, Volume 156, Issue 12, pp 2505-2515
Date: 19 Aug 2009

Macro- and mesoherbivores prefer native seaweeds over the invasive brown seaweed Sargassum muticum: a potential regulating role on invasions

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Herbivory has a strong impact on algal distribution, abundance and community structure and may influence the establishment and spread of introduced seaweed species. In this study, we assess the potential regulating role of herbivory on one of the most invasive brown seaweeds: Sargassum muticum. Multiple choice feeding experiments were conducted with 13 native seaweeds, S. muticum and 5 herbivore species from the Northwest, Southwest and South of Portugal. S. muticum was always the least or among the least preferred seaweeds and attained one of the highest growth rates of the tested seaweeds, with and without herbivores. The addition of herbivores increased the number of cases by 40% in which the invader had higher growth rates. Our results suggest that low grazing pressure on S. muticum by the recipient herbivore community may give the invader a competitive advantage over at least part of the native seaweed community, thereby contributing to the invasiveness of S. muticum along the Portuguese coast.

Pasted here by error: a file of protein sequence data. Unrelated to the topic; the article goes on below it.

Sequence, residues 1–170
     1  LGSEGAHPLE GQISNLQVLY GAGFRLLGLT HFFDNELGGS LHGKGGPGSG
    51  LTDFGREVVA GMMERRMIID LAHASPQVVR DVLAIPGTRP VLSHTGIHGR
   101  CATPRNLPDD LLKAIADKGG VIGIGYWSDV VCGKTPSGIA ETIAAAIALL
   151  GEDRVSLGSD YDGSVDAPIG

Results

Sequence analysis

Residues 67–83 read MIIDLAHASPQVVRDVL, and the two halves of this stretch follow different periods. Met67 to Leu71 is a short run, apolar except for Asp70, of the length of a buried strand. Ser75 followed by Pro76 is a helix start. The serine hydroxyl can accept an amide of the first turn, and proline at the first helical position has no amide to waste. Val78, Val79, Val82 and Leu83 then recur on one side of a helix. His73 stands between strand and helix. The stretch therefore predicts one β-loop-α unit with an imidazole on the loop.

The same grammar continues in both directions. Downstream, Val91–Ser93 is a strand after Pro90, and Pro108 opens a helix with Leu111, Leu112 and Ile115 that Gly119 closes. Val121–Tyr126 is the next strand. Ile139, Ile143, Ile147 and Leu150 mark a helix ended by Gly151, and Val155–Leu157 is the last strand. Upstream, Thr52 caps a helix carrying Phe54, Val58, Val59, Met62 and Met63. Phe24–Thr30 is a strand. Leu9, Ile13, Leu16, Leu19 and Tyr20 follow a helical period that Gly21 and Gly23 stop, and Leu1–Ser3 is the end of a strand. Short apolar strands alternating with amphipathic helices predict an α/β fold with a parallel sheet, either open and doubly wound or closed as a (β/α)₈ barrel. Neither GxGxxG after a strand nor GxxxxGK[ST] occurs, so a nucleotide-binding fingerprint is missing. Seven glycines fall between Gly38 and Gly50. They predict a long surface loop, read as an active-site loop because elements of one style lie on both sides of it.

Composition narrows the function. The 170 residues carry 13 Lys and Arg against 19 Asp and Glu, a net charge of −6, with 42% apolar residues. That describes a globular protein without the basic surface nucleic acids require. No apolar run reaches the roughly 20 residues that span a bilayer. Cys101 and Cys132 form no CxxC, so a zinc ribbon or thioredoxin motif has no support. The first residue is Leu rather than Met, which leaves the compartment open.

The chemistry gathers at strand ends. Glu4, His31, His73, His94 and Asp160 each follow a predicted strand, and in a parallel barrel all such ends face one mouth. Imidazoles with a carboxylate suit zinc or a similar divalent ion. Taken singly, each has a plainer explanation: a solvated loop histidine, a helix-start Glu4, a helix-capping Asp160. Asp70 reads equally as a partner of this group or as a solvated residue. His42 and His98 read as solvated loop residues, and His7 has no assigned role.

Communicated by S. D. Connell.
Carla A. Monteiro and Aschwin H. Engelen have equal authorship.